|Prairie Farmer magazine's|
"NO TRESPASSING" signs
were seen across Illinois, Indiana,
and other Midwest states
25 February 2014
No Progress on Harvesting Issues of Prairie Farmer Magazine
It appears that there was more than one Prairie Farmer magazine. Fortunately during the time period of interest (1944) there was only one company publishing Prairie Farmer magazine. If I had been searching for an item in the 19th century, I would have had to be more concerned about different periodicals with the same name. City of publication, publisher name, etc. would have been good ways to distinguish one from another. Never assume there is only one publication with a given name.
Catalog searches indicate that there were multiple editions of this magazine for a significant part of its run--at least ones for Illinois and Indiana during my time period of interest. I doubt if Prairie Farmer was the only magazine to run this sort of production and this is something I'll keep in mind whenever attempting to locate copies of other trade magazines. There could easily have been localized content inserted with the material distributed in all regions where the item was distributed.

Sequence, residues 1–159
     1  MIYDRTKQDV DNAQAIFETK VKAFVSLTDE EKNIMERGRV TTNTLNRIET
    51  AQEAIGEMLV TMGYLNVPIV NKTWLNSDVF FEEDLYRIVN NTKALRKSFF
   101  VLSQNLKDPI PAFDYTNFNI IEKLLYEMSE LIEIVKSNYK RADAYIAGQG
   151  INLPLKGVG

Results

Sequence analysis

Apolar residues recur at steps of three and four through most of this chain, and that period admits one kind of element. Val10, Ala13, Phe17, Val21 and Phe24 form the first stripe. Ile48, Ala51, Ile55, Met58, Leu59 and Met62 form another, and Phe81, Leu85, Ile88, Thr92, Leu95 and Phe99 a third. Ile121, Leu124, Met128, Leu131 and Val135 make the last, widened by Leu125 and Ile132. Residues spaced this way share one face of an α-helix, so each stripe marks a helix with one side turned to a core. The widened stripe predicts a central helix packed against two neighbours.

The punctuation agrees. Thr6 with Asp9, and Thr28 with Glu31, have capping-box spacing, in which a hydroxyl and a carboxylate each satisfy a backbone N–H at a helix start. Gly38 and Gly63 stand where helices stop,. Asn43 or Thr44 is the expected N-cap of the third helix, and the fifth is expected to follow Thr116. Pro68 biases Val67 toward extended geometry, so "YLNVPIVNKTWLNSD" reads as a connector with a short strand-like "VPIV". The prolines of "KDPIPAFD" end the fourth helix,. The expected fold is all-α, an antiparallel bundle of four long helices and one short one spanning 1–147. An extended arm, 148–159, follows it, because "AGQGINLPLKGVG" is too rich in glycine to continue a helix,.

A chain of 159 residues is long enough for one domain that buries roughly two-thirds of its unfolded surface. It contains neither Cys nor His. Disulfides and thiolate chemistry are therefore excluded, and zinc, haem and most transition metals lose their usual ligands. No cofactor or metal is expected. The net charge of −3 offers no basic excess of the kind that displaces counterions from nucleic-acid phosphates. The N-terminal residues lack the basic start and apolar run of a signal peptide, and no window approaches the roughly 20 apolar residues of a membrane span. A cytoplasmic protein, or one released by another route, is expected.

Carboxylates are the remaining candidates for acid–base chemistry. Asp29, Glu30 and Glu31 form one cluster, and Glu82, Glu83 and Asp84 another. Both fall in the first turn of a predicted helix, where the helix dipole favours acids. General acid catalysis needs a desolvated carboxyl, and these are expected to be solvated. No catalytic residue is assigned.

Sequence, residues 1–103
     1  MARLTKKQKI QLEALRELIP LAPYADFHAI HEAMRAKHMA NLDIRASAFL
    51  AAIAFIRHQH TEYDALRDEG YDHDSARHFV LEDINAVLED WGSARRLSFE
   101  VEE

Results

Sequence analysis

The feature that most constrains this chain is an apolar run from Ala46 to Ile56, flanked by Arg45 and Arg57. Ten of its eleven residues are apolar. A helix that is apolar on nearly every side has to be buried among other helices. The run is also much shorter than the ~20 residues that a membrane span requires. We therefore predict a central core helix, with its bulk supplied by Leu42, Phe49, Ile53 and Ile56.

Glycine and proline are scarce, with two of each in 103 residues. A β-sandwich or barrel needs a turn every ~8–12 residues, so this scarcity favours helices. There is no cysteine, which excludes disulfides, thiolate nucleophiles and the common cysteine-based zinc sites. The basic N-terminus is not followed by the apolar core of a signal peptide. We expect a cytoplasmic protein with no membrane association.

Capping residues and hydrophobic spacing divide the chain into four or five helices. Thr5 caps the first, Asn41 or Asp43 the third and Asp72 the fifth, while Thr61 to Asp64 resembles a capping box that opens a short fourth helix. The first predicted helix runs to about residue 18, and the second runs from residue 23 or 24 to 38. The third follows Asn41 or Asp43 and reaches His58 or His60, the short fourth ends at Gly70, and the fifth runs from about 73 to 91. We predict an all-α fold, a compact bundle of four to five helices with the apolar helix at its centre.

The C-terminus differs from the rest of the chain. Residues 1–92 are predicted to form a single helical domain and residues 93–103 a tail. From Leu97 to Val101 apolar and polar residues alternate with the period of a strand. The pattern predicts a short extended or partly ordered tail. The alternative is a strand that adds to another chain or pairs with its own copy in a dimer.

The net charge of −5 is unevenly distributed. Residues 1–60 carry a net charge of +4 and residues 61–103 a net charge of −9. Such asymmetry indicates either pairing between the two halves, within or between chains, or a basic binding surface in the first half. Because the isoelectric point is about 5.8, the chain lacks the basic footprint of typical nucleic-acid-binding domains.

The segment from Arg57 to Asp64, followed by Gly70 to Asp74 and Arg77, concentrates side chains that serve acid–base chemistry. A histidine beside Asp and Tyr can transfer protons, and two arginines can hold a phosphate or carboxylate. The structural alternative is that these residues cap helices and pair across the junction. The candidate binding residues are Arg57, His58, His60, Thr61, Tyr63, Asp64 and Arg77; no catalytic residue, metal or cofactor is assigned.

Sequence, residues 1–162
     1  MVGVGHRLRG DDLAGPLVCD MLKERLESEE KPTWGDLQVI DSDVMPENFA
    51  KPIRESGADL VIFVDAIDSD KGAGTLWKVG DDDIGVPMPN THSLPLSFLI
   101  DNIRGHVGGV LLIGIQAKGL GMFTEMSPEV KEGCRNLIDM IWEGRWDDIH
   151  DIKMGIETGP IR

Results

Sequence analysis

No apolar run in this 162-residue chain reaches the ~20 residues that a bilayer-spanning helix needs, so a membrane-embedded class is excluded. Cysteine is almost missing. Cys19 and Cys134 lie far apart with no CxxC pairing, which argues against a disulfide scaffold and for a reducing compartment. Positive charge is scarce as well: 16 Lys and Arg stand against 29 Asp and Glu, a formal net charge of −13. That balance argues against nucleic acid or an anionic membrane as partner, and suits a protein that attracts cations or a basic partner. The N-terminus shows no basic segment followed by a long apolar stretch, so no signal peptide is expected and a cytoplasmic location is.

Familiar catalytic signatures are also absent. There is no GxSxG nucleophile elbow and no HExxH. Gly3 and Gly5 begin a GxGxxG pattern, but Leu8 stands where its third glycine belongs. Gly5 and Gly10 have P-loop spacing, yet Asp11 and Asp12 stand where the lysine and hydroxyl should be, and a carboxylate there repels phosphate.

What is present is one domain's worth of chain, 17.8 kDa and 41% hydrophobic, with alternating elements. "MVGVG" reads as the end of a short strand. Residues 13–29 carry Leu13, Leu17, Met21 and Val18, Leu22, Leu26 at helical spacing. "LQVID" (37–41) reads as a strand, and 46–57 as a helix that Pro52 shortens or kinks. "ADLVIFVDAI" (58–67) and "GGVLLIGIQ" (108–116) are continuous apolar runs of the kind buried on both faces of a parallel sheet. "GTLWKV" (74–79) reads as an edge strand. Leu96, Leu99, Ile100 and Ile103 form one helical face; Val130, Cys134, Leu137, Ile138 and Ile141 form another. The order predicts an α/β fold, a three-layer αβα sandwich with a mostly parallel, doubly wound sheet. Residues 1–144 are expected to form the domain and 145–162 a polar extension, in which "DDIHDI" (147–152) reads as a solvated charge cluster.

Prairie Farmer magazine published rural directories in Illinois and Indiana right before the first World War. I was aware of these publications and have used them in the past. The problem is that these directories (generally one for each county) appear in search results when "prairie farmer" is used as a keyword search. Workarounds to avoid these items from clogging my results need to be used carefully.
Catalogers are wonderful humans. But they are humans and occasionally make errors. The time period of publication I need was when there was no standardization of entries and librarians cataloging these materials don't have an "inside front cover," standardized number, etc. to guide them. Consequently there may be several World Cat entries for the same publication.
Some issues of this publication have been microfilmed or digitized. The microfilm copies sometimes appear as a separate catalog entry.
Pay attention to the time period the catalog entry indicates it covered. An entry for Prairie Farmer at Knox College (located in the town where I work), indicated they only had some issues from the mid-1900s, well before what I needed. Many libraries only maintain a current run of issues of this magazine which is still being published.
I will be honest--I don't keep all the search logs that I should. However, this search has made me painfully aware that sometimes logs are necessary. I'm starting a search log and a correspondence log and hopefully will have samples of those up in a future blog post.